Take a look at your computer, the one you're using to read this blog. Whether you're using a old desktop or the latest tablet, you're using technology that was barely imaginable in 1971. Why did I pick 1971? Because that's when the modern computer age truly dawned. And it happened almost by accident.
I'll provide links to other sites that do a much better job of telling the story than I could, but here's the Cliff's Notes version:
In 1969, a Japanese company called Busicom wanted to build a new electronic calculator. They'd designed a set of chips to do the job, and had contracted with the fledgling company Intel to make them. After accepting the job Intel balked, believing the design was too complicated for their capabilities. Instead, Intel offered a simpler design built around a central processing unit built into a single chip. Busicom accepted the design, and in January 1971 the first chips were tested in the lab.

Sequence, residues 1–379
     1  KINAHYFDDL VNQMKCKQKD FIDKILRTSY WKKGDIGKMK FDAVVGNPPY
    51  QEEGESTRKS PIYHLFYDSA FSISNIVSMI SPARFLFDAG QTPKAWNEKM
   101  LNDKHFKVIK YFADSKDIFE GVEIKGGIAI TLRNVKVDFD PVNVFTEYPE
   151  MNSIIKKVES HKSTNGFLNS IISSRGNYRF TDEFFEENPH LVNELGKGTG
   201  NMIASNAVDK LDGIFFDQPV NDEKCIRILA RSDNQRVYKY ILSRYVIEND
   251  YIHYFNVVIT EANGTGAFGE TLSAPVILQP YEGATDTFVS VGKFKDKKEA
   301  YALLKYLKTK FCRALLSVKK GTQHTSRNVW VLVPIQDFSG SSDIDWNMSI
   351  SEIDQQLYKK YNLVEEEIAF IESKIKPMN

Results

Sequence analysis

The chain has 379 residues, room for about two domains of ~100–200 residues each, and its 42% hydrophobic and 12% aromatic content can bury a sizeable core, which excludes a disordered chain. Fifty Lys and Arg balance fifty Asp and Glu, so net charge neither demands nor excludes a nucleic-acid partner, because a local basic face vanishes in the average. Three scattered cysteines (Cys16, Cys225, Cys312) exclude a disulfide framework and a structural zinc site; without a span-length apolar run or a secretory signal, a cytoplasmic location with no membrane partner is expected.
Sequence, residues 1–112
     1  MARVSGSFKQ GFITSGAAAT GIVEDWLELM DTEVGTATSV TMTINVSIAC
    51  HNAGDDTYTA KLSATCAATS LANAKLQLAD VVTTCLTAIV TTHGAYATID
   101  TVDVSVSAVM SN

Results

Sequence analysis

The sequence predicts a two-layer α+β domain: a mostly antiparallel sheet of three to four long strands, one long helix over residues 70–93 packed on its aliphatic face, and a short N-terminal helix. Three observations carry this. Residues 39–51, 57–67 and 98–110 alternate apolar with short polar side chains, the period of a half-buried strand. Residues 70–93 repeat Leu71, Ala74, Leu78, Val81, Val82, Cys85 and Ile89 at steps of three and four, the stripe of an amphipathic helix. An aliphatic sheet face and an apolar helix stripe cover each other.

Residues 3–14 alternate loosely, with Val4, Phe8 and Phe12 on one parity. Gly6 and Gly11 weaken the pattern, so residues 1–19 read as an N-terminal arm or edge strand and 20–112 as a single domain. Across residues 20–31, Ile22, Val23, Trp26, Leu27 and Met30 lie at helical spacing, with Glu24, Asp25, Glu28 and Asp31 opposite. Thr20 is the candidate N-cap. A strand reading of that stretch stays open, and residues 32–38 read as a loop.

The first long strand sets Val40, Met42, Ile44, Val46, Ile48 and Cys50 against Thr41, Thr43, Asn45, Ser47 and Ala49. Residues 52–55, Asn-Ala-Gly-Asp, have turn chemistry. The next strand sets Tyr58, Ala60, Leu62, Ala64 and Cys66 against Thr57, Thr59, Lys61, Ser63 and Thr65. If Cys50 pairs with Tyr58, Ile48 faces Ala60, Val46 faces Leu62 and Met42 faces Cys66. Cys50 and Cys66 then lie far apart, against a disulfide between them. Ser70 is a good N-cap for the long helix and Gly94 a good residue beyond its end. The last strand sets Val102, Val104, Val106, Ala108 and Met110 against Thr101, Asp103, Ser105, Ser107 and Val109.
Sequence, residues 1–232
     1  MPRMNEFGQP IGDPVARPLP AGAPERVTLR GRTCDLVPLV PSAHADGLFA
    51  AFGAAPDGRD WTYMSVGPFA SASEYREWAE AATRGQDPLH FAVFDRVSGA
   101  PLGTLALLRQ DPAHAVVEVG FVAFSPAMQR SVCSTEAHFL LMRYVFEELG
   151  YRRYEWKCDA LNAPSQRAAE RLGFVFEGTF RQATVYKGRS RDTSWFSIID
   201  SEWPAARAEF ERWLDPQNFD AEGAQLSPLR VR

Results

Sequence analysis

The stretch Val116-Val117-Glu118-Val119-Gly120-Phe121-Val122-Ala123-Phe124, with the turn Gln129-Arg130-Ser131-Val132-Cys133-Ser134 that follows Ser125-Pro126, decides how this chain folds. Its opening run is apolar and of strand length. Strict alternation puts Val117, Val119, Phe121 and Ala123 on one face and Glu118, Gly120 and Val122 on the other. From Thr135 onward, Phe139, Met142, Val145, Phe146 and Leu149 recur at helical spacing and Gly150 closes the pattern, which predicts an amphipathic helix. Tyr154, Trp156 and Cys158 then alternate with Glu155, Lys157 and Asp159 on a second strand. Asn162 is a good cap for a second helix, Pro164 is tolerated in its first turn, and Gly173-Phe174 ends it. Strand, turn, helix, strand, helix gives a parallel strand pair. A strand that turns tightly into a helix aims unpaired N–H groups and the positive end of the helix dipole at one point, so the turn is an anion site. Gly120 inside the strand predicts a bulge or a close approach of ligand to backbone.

Although Busicom owned the rights to the design, business was poor and Busicom asked Intel to reduce the cost of the chips. Intel agreed, on the condition they obtained the rights to sell the chips for applications other than calculators. In November 1971 Intel announced the commercial availability of the world's first single-chip computer: the Intel 4004 microprocessor.
OK, that's all very interesting *yawn* but why yet another blog devoted to some ancient chip no one uses anymore? Especially one that runs at one 4,000th the speed of a modern gaming PC?
In 2006, for the 4004's 35th anniversary, Intel released the schematics of the 4004 under a Creative Commons license. Also, the 4004 circuit has only about 2300 components, versus more than 1 billion in the Intel Core i7 Quad on my desktop. That makes it possible to study the 4004 design in ways not possible with modern CPUs.
And most importantly for this blog, it's possible for a determined (or slightly insane) hobbyist to build one from discrete components.